Analysis of terabit/second-class inter-chip parallel optoelectronic transceiver
Author(s)Nguyen, Nguyen Hoang
Massachusetts Institute of Technology. Dept. of Materials Science and Engineering.
Lionel C. Kimerling.
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Electrical copper-based interconnect has been suffering from fundamental physical loss mechanism and its current infrastructure will not be able to meet the increasing demand for data rates due to reaching the limit of the transmission bandwidth-distance product. Optical interconnect has been known as the candidate for taking over the obsolete electrical counterpart owing to the capability of transmitting data at high rates with low loss and the feasibility for parallel integration. Optoelectronic transceiver is one of the essential elements in optical interconnect system. This thesis scrutinizes a complete set of constituent technologies developed for a novel inter-chip parallel optoelectronic (OE) transceiver (known as Terabus transceiver) which is able to communicate data at the speed in the range of Terabit/second. A novel packaging hierarchy and a creative design for an optical coupling mechanism devised to bring high-level integration and high-speed performance to a final package have been analyzed: Two 4x12 arrays (each < 9 mm2) of CMOS transmitter and receiver ICs have been flip-chip bonded to a silicon carrier interposer of 1.2-cm2 size. Other two 4x12 arrays of OE devices (VCSELs and photodiodes) with comparable size are then flip-chip bonded to the corresponding CMOS arrays attached to the silicon carrier, forming the Optochip assembly. The Optochip is in interface with an Optocard by the flip-chip bonding process between the silicon carrier and an organic card patterned with 48 integrated waveguides at density of 16-channel/mm and total length of 30 cm. The 985-nm operating wavelength of the lasers allows a simple optical design with emission and illumination through arrays of relay lenses directly etched into the backside of the OE Ill-V substrate. A novel design of 45*-tilted and Au-coated mirrors fabricated in 125-ptmpitch acrylate waveguides is to perpendicularly couple the light in and out of the core of these Optocard waveguides. Per-channel performance of up to 20 Gb/s for transmitter and of up to 14 Gb/s for receiver have been realized. Lastly, the thesis has analyzed the market opportunity of the transceiver by reviewing the market situation, identifying contemporary competing technologies, assessing the market prospect and predicting the cost.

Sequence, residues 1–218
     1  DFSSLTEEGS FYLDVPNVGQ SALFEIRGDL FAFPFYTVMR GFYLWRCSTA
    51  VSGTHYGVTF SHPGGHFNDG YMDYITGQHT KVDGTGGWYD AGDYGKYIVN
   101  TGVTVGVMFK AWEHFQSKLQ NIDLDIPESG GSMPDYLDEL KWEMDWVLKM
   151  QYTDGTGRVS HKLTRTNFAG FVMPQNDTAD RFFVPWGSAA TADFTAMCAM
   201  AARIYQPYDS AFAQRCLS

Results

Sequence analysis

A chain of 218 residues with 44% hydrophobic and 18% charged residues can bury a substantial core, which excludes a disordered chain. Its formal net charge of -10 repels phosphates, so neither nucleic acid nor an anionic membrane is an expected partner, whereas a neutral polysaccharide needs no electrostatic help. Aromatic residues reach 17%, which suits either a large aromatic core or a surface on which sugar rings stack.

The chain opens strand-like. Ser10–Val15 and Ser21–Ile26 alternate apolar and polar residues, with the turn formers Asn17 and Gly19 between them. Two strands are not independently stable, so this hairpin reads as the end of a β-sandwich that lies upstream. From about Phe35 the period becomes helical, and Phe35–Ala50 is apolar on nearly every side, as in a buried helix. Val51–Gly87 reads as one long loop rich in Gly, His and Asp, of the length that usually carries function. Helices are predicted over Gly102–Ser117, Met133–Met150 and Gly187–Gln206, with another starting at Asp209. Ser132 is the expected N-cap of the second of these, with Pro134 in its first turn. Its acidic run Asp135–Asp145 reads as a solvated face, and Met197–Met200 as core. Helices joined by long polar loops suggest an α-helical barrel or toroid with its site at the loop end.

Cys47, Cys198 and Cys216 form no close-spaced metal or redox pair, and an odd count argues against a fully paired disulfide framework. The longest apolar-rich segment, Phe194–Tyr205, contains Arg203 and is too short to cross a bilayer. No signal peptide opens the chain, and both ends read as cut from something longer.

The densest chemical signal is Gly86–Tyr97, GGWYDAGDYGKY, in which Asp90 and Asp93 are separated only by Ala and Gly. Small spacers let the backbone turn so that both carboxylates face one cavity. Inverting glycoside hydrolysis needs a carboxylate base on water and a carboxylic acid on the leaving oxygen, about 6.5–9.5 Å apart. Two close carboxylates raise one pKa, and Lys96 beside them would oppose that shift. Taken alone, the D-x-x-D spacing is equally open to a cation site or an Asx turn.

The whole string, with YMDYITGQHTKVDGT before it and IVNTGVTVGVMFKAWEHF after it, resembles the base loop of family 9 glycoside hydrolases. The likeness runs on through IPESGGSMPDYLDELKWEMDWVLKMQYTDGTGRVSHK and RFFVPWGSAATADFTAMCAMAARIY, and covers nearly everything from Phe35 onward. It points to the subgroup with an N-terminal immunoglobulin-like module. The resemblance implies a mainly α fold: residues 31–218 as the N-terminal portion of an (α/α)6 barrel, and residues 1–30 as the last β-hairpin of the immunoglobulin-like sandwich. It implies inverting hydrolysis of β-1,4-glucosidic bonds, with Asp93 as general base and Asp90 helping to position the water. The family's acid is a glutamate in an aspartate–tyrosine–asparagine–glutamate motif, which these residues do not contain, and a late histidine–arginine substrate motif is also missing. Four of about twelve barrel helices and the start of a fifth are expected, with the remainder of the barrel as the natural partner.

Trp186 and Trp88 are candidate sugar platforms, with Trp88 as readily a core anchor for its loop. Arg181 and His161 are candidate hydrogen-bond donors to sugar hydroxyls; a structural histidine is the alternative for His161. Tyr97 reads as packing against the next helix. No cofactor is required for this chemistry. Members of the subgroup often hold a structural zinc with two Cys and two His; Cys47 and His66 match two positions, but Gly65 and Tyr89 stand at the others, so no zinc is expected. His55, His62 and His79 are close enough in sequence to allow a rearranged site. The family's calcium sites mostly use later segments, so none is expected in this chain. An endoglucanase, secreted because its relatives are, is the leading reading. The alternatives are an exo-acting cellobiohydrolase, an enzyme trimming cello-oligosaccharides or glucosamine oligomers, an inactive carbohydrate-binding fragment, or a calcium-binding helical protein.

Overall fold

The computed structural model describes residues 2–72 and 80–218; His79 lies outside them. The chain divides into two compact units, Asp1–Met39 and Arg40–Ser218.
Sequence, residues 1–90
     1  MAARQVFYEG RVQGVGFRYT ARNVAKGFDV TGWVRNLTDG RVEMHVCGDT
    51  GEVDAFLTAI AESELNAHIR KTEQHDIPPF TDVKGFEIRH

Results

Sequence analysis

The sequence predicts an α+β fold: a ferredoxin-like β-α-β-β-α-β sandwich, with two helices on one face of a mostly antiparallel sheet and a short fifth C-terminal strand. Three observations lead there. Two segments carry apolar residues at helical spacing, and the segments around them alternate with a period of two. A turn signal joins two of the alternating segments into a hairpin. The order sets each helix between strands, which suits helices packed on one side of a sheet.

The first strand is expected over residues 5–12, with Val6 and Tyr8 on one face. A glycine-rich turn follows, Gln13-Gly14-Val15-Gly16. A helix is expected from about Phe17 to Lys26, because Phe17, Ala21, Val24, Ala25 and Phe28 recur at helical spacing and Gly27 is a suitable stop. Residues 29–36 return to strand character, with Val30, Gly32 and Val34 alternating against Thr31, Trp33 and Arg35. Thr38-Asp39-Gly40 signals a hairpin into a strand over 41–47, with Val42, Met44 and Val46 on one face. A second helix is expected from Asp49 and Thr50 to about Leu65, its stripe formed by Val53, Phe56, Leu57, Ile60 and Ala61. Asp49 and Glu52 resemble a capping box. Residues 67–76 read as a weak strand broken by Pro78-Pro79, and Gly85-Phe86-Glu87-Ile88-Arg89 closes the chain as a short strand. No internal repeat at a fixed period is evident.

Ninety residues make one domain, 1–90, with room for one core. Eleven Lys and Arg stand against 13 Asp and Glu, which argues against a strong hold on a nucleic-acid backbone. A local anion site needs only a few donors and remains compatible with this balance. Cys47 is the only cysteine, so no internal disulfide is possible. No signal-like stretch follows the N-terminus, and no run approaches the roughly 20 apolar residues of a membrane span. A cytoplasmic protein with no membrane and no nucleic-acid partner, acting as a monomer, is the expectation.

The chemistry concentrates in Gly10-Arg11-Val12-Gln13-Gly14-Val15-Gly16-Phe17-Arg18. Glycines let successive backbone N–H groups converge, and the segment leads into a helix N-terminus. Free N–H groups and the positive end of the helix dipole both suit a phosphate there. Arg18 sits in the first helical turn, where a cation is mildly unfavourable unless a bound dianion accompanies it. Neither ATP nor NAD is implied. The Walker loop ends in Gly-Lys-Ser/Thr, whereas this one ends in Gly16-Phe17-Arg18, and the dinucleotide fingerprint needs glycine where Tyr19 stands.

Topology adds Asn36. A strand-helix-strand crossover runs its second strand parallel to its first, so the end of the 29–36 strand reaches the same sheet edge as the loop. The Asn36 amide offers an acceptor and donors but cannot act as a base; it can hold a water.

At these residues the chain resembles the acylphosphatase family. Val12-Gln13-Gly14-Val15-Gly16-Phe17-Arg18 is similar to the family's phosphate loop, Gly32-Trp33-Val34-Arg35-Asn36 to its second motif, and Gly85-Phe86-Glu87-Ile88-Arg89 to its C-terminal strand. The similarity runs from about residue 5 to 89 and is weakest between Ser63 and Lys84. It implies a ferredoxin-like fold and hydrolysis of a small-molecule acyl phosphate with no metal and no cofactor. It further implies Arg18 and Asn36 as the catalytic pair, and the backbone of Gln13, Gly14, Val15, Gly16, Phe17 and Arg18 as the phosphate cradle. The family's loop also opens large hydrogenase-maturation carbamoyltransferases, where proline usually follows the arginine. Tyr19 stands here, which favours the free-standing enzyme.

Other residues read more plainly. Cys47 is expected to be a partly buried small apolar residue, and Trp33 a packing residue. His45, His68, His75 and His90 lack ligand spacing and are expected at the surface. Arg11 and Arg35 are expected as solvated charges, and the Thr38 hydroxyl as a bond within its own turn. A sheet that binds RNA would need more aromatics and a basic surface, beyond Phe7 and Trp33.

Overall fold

Thesis (M. Eng.)--Massachusetts Institute of Technology, Dept. of Materials Science and Engineering, 2010.Cataloged from student submitted PDF version of thesis.Includes bibliographical references (p. 89-92).
DepartmentMassachusetts Institute of Technology. Dept. of Materials Science and Engineering.
Massachusetts Institute of Technology
Materials Science and Engineering.